Two of the songs late in her hour-long set last night at Rough Trade NYC, “Cuckoo Through the Walls” and “What’s Not Mine,” ended with protracted excursions, Crazy Horse–style peels of guitar noise and screwy-sounding sonic effects that Le Bon appeared lost in, and then smiled about, resolving guitar chaos into calm, goosing the audience that it was OK to look up from the bliss and applaud. Le Bon’s performance—including her usual three-person backing band mixing drums, percussion, basses, guitars and keys—was organized around the just-released Crab Day, perhaps her most complete expression yet in album form. So many of its songs, including that scraped-beautiful “What’s Not Mine” and its stabbing beat, the chilly “Wonderful,” the remorseful “Love Is Not Love” and the psychedelic and sinister “We Might Revolve,” find her not so much battling demons as trying to rationalize a whole set of wrongs and disappointments—trying to take the high road regarding certain problems, but maybe struggling to hold back the feral-cat anger, too.

The album sits on that tension, but Cate Le Bon the live show harnesses it, and you feel it in every song. That’s not to say she’s overwhelmingly heavy, either. Most of her songs feel like flexible things built to be stretched a bit. And where the band really connects isn’t in overindulged jamband-style progressions or endless build, build, build—that wouldn’t suit them—but in those snatches of improvisation and moments when it yields to a throbbing rhythm and the glory of a guitar squall, with or without Le Bon’s solemn, dark-tunnel vocals soaring above. —Chad Berndtson | @Cberndtson

Photos courtesy of Silvia Saponaro | www.saponarophotography.com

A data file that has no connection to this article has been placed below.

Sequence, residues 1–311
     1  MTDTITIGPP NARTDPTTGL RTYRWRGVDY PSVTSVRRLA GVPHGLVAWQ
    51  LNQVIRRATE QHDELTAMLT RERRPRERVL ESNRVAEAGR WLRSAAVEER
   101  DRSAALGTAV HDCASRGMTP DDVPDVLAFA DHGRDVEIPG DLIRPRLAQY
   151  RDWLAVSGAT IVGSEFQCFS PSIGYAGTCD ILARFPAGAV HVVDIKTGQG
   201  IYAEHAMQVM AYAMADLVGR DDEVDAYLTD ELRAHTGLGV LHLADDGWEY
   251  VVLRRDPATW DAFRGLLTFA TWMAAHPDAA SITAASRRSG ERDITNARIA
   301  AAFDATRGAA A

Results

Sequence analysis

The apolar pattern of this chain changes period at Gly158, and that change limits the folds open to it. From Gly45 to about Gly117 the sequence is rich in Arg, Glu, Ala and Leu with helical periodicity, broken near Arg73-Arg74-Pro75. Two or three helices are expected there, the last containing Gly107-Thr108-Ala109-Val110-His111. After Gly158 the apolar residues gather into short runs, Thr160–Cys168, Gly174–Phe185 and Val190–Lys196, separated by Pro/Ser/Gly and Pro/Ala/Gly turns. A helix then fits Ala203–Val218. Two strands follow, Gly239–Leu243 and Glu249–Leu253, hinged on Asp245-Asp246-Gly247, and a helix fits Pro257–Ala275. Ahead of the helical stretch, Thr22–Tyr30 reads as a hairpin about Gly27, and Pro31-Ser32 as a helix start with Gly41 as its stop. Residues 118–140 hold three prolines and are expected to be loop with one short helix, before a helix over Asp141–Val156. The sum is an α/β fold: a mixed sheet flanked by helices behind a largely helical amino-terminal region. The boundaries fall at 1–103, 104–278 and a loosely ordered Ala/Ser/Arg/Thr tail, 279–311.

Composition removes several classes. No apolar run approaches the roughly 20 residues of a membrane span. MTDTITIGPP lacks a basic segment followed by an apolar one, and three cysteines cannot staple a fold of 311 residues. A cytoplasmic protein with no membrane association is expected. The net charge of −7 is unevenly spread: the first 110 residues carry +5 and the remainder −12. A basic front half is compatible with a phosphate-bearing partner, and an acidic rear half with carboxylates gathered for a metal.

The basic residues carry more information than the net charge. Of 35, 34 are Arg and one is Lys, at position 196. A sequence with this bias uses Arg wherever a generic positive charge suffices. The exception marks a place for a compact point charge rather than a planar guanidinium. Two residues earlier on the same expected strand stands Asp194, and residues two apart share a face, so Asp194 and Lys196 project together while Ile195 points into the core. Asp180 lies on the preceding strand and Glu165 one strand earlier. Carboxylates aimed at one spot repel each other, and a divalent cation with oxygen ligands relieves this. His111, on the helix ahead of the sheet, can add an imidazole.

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Cate Le Bon Sells Out

January 17th, 2014

Cate Le Bon – Mercury Lounge – January 16, 2014

(Photo: Andie Diemer)

Cate Le Bon’s 2014 is off to a solid start. With her fantastic 2013 release, Mug Museum, finding its way onto several year-end best-albums lists (including Bradford Cox’s list), Le Bon’s supporting the album with a string of U.S. shows, many of which are selling out, including last night’s early show at Mercury Lounge. The venue was practically at capacity for the final songs of opening set by Kevin Morby, bassist of the fantastic band Woods.

Unlike many other singer-songwriter Brits, Le Bon’s accent finds its way into her singing voice, adding a certain degree of endearing charm to her airy alto voice floating above her band’s treble-filled syncopated guitar lines. It has traces of Nico’s singing voice with the Velvet Underground, just in a slightly higher register. For those who have ever listened to her recordings and wonder where the high backing vocals come from, it’s not Le Bon’s voice double tracked but the falsetto voices of her all-male backing band. There’s something pretty astounding about watching three guys sing backup harmonies in falsetto.

And it’s all the more astounding considering they can pull it off live while playing other instruments, like on the jaunty guitar riffs carrying out the end of the wonderfully catchy “Are You with Me Now?” The multitalented Le Bon switched between guitar and organ throughout the set. One song even featured a recorder solo (yes, those recorders), after which she made the audience promise not to publish any photographic proof of it because “that’s just not fair.” Le Bon wraps up the remainder of her January with the second half of her U.S. tour before returning to England for a string of shows. So catch her while you can, just make sure not to Instagram any recorder pics.—Dan Rickershauser